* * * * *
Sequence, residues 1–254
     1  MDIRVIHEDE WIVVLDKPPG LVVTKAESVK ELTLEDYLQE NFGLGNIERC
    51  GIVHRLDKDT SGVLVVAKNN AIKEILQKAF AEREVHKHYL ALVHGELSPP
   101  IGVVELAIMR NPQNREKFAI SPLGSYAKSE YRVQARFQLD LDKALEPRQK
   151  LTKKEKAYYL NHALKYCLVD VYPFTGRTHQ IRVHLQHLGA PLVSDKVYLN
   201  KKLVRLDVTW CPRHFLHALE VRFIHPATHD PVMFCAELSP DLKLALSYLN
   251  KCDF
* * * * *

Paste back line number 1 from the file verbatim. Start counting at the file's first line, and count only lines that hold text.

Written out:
Sequence, residues 1–254